On November 16, 2018, the European Data Protection Board (EDPB) adopted guidelines on the territorial application of the GDPR. Guidelines 3/2018 on the territorial scope of Regulation 2016/679/EU- Version for public consultation. The guidelines are now open to public consultation.
The Guidelines aim at clarifying the territorial scope of the GDPR, in particular where the data controller or processor is established outside of the EU.
The EDPB sets out and clarifies the criteria for determining whether the controller or the processor have an “establishment in the Union” (GDPR Article 3.1), the meaning of “offering of goods or services” to data data subjects in the Union (the EDPB uses for the first time expressly the concept of “targeting”) (Article 3.2(a)) and of “monitoring” (which must be purposeful and aiming at profiling (Article 3.2(b)). The document also deals with the processing of personal data where UE law applies by virtue of public international law. Article 3.3.
Significantly, the Guidelines also explain that having a processor in the EU does not amount to having an establishment there.
In addition, the Guidelines also deal with the process for the designation of a representative in the Union under Article 27 of GDPR for those organizations without an establishment but subject to the GDPR per Article 3.2; the Guidelines also clarifies the role of this representative.
The EDPB recommends that non-EU organisations undertake an assessment of their processing activities, determining whether personal data of EU data subjects are being processed, and what this processing relates to. If links are identified, the nature of these links will generally be key in determining whether the GDPR applies to the processing in question.
The Guidelines offer several examples which can guide controllers and processors in deciding whether the GDPR applies to them.
The Guidelines are important and contain many important clarifications – which we will have the opportunities to comment more soon – but leave several issues unanswered, for example, the meaning of “occasional” processing which is one of the elements of the exception to the duty of appointment of a representative in the Union and more importantly, the precise extent of “in the context of the activities of an establishment in the Union” in certain cases in which the linkage is loose. The EDPB tells us that the language “cannot be interpreted restrictively” but “should not be interpreted too broadly to conclude that the existence of any presence in the EU with even the remotest links to the data processing activities of a non-EU entity will be sufficient to bring this processing within the scope of EU data protection law” Guidelines at 6. It is a fundamental point because while the EDPB tells us “The text of Article 3.1 does not restrict the application of the GDPR to the processing of personal data of individuals who are in the Union” it was probably not the intention of the GDPR to attract under itself the processing of data of non EU residents, only because the organization happens to have a minimal establishment in the EU.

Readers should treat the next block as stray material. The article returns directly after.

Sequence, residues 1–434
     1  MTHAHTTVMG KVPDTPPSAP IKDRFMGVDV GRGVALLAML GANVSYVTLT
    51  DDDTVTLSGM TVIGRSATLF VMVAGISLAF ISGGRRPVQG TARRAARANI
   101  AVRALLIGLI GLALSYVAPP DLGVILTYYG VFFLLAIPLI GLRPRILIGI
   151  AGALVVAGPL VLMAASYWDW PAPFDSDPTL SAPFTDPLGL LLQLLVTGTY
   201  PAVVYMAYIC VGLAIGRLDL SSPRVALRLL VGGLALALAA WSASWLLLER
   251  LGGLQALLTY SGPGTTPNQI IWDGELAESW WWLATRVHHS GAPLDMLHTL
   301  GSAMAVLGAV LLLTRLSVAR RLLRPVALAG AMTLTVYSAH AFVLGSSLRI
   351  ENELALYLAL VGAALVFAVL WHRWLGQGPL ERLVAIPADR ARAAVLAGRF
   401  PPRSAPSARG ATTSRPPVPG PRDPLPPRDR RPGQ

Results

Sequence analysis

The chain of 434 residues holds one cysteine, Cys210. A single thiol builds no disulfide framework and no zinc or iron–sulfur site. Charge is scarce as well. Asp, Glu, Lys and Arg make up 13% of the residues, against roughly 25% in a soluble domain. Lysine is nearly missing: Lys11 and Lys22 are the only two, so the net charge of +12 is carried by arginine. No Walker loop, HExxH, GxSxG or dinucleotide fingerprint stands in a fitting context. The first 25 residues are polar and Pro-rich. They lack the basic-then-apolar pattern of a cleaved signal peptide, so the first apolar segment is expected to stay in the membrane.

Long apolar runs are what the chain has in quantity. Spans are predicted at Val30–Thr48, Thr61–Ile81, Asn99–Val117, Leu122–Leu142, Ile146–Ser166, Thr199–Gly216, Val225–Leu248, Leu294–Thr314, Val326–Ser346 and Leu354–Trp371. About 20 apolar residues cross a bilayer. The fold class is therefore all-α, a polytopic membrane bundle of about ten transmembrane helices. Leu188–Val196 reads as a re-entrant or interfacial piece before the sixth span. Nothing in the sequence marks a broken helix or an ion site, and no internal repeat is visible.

Let’s imagine the case of a tour operator from Japan that is dedicated to Japanese clientele and organizes trips all over the world for its Japanese customers, booking for them flights and hotels. Let’s imagine that they have a person based in Spain (exactly as they have in other parties of the world) that is dedicated to solve the possible issues that the Japanese customers might encountered in Spain. This person might interact, for example, with 2% of the entire customers of the tour operators and the relevant data of this interaction is processed in Japan, together with the data of all the other 98% of customers. It might be said that through this person there is a “real and effective activity – even a minimal one” in the Union (p. 6) and that the processing that is done in relation to this 2% of Japanese customers must be subject to the GDPR. However, the problem is the following: is the processing of the remaining 98% of customers also subject to the GDPR? The Guidelines don’t seem to answer to this question.